menu bar with links

One of my favorite ways to prepare tofu is to deep fry it. If you do it correctly, the tofu absorbs very little oil and comes out golden and crispy – perfect for stir-frying, snacking, soups, and more. The instructions below show how I prepare plain fried tofu. If you are using marinated tofu, you should fry the pieces in a teeny bit of oil (or use a cooking spray) in a frying pan. Don't use the method below or all of your tasty marinade will float away into the oil.

(Click pictures to enlarge)
[container of soft tofu]
There are different kinds of tofu (extra-firm, firm, soft, silken, etc.). The best for deep frying is the soft tofu that is sold in big tubs like this one. It doesn't matter which brand. Don't worry about not being able to finish off a big tub (which generally holds 10 blocks of tofu), as you can always freeze your fried tofu for use later.

Don't just pick up any old tub of tofu from your Asian market. Open up the lid, reach in and squeeze one gently. Yes, I know this seems kind of gross, but everyone does it (this also is why you'll be rinsing your tofu well before using it). You want your tofu to feel soft to the touch – old tofu tends to harden as it sits around. Sometimes you can tell the tofu is fresh just by looking at it. Squeeze if you want to be sure. ;-)

If you don't plan to use the tofu right away, pour out the water once you get home and replace it with fresh water before refrigerating. Change the water every couple of days to keep the tofu fresh.

[thick layer of newspaper]
At least 20 minutes before you're ready to start frying, lay out a thick layer of newspaper. About 1/2" should be sufficient.
[paper towels laid on top of paper towels]
Place a layer of paper towels on top of the newspaper.
Rinse your tofu blocks well, then slice them to the desired size. The bigger the block, the more soft white middle there will be. If you like your tofu more crispy and chewy, cut your pieces smaller. Here, I've cut the tofu block in half, then sliced each half into 6 slices. (4 slices for each half is also a nice size.)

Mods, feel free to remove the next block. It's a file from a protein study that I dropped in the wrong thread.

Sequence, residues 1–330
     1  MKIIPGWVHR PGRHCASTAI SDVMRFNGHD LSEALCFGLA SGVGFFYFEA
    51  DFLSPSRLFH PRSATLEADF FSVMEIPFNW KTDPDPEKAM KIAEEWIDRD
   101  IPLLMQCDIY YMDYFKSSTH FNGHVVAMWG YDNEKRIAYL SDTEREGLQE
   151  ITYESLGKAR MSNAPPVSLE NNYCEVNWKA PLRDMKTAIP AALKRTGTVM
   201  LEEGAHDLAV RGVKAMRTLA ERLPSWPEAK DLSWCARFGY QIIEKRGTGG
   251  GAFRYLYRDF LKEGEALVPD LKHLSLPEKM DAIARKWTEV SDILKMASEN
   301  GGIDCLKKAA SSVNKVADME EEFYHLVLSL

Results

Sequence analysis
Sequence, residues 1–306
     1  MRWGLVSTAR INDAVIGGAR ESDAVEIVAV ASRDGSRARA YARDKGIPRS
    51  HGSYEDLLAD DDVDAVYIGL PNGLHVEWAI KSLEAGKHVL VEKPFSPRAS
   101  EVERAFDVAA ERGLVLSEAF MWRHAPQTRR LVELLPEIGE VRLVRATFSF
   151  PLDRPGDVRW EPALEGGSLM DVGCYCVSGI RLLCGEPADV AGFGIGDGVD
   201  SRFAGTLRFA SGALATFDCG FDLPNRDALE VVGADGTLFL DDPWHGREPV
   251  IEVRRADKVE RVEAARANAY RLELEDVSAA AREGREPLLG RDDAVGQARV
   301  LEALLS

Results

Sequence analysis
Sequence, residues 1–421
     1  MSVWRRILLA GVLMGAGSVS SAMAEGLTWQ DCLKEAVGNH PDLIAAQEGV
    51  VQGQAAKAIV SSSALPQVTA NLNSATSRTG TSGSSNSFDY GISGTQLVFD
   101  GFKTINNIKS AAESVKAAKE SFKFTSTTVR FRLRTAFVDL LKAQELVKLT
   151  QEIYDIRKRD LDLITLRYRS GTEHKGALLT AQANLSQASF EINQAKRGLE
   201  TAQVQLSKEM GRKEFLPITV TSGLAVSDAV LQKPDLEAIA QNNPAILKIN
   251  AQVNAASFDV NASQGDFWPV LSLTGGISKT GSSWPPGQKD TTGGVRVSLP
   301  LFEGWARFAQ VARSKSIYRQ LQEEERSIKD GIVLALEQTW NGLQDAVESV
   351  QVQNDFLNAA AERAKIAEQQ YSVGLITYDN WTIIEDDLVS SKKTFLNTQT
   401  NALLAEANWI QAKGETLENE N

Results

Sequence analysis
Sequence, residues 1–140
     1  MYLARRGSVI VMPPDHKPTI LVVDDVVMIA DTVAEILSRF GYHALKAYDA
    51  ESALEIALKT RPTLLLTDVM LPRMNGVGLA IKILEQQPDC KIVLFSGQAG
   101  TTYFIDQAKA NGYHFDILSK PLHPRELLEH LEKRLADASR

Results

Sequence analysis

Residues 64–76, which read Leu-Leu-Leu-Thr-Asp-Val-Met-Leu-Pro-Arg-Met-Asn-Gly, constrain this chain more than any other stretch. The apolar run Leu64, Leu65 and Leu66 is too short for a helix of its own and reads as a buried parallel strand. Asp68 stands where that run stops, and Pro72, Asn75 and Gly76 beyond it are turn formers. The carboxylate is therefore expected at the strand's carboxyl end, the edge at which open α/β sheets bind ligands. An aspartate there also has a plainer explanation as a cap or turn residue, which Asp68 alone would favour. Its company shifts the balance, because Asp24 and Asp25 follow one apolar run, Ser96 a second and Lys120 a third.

Line up the tofu pieces on the prepared newspaper. The newspaper will absorb moisture from the tofu (and the paper towel will keep the newsprint from bleeding onto the tofu) – this step prevents the small, painful explosions of oil that occur when you throw water into a vat of hot oil.
Lay a paper towel on top of the tofu and press gently to absorb moisture.
Heat canola oil in a large frying pan over medium to medium-high heat. The oil should be about half the height (the shortest side) of your tofu pieces, which will be enough to cover the full height of the tofu pieces once they're added to the pan. The heat you should use depends on your stove. You want the oil hot enough that a smidge of tofu thrown in immediately sizzles, but not so hot that the tofu brown too quickly (or burn).
Once the oil is hot enough, slide the tofu pieces into the pan. Do not just drop the tofu in as the hot oil might splash up and burn you. Add enough tofu to cover the surface area of the pan. Once the tofu are in, use chopsticks, tongs, or a spatula to gently separate them (they like to graft onto each other at this stage). Don't squeeze the tofu too hard in the pan as they may release water and cause hot-oil-popping.
Fry until the tofu is nicely golden on one side, then flip them over. Once the tofu pieces are golden on all sides, fish them out and place them in a colander or bowl lined with paper towels to absorb the excess oil.
Voila - freshly fried tofu, ready for the eating. Once the tofu has cooled to room temperature, you can put them in freezer bags and freeze for later use.

 

Return to
Gallery